About 18 months ago, the Entenmann family of Bay Shore, Long Island, decided Washingtonians were ready for some of their 40,000 crumb cakes and 130,000 chocolate chip cookies, to mention just a very few of the 145 different sweets they bake each week.

So they sent down their plain white boxes with simple cold-fashioned blue lettering and cellophane windows. And they never breathed a word of advertising about their arrival.

Voila! Instant stardom. About 200,000 boxes a week - everything from 89 cent chocolate fudge squares to chocolate layer cakes for $2.29, trucked into the Baltimore-Washington area and sold at all but one of the major supermarkets, plus dozens of convenience stores and independent markets.

Customers like the man who was seen furtively putting 15 boxes of Entenmann's apricot pastries into his shopping cart are a sign of the company's rapid, and somewhat surprising, success here

Those plain white boxes are part of the mystique. Robert Entenmann, a grandson of the founder, is proud that some people their think box is "homely. We like it and everyone has imitated it. Take a look at one of your local bakeries in Washington and you'll see what I mean."

At a time when most products are shouting at customers from four-color packages with expensive graphics, Entenmann's is selling itself as modest and wholesome, qualities which marketing specialists believe are becoming increasingly desirable.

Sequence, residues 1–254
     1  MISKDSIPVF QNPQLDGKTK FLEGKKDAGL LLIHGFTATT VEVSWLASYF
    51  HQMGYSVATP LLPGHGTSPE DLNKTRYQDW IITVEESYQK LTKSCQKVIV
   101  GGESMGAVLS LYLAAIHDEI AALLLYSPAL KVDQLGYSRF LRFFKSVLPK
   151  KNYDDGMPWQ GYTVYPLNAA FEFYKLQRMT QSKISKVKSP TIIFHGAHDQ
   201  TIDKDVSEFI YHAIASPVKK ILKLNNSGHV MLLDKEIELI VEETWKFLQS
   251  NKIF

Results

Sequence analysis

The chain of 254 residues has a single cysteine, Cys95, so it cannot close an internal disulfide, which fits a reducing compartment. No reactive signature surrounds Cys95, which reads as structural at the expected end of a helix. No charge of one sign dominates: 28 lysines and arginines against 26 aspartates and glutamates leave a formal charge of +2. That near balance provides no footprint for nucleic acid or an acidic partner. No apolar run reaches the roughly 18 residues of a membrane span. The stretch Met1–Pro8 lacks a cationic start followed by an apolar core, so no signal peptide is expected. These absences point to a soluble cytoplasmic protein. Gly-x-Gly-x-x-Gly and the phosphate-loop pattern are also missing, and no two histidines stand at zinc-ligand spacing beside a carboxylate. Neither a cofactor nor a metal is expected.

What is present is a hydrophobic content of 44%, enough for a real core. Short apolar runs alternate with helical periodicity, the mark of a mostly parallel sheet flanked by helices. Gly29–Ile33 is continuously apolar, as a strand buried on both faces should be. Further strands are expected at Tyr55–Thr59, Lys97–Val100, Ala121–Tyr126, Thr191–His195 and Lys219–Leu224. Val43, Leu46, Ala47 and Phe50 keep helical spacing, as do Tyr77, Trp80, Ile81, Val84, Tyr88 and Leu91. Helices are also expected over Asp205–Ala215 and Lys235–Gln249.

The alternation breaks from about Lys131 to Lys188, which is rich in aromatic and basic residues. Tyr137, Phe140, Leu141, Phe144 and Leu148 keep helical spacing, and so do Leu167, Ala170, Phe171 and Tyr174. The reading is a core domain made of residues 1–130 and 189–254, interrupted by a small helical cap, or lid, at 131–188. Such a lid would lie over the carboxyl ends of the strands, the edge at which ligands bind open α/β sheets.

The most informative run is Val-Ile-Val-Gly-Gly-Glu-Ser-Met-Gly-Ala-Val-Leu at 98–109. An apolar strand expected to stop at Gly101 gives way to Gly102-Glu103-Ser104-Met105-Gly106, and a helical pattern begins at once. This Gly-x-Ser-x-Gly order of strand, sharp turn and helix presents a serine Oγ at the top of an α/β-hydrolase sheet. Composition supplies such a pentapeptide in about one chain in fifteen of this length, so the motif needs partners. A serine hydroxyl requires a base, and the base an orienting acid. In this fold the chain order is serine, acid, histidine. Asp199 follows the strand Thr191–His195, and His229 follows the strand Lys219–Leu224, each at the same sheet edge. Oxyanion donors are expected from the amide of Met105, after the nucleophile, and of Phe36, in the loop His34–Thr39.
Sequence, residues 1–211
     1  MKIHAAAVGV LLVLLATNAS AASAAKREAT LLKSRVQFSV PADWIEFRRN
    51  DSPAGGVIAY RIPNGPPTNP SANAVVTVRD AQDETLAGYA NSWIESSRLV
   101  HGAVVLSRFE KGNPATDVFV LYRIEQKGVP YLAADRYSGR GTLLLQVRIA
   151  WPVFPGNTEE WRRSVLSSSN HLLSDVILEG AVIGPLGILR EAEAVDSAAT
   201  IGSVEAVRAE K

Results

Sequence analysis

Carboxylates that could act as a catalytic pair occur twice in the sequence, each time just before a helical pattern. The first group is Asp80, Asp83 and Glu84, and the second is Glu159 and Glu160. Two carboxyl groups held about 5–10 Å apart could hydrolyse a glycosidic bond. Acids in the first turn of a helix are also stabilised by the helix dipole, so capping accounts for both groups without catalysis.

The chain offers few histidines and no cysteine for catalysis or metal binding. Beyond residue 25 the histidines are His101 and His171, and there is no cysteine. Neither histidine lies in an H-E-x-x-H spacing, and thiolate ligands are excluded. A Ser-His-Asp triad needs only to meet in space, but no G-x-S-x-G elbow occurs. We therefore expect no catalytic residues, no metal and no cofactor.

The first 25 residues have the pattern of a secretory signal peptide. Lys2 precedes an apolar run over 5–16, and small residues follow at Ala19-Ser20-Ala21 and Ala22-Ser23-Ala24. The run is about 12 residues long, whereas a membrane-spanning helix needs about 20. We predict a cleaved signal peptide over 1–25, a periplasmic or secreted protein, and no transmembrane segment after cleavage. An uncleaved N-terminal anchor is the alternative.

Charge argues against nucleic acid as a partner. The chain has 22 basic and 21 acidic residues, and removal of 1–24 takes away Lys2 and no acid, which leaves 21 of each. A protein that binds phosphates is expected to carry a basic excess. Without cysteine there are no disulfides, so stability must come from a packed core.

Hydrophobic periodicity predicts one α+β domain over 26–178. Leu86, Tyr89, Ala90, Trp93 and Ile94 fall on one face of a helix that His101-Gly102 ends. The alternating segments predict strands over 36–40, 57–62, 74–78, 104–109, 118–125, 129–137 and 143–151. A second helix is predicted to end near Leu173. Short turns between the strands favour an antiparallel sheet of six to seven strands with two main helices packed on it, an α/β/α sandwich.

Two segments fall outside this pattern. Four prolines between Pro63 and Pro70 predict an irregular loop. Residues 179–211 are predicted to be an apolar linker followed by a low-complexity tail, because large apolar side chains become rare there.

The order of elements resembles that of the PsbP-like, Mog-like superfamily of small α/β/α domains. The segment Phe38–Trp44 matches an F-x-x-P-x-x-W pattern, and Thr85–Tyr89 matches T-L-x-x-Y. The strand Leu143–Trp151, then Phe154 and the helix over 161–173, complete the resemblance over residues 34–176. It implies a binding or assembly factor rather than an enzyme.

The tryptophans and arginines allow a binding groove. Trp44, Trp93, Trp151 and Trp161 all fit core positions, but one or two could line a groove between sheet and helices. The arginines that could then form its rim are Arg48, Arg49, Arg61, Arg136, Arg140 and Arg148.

Even the company's stockholders report exudes hominess.There's a picture of a grandmother and some cakes on the cover. no expensive model was hired to pose. She is Martha Entenmann, the daughter-in-law of the company's founder, and according to her three sons, the person who has kept the business together. The company went public in 1976 "for estate planning," but the family retains 80 percent of the stock, which split three for two last month.

Grandpa William Entenmann opened a bakery in Brooklyn in 1898, a few years after he immigrated from Stuttgart, Germany. Several years later, when his son, William Jr., had rheumatic fever, the doctor recommended a move at least 50 miles out of the city for "fresh air and the country." Which is how the bakery ended up in Bay Shore, an hour out of Penn Station, but hardly the country anymore.

In the best tradition of family bakeries, William learned his trade on the job as a child and met his wife across a bakery counter in Bay Shore where she was selling and keeping the books.

"He fell right in love with me," says the Hobokenborn, 71-year-old matriarch of the firm, who only recently reduced her 5 a.m. to 9 p.m. schedule at the plant. Now she leaves at noon. Mrs. Entenmann, whom everyone at the plant calls Mrs. E., was always a "career woman," although that's not what they were called in 1926. She never wanted to stay home, partly she says, because "I don't like housework."

Had Mrs. Mrs. Entenmann not been involved in the bakery'd day-to-day operations, it probably would have been sold in 1951 when her husband died. "She was advised to sell it," according to one of her sons, "but she said she'd save if for the boys," who were serving in the Korean war.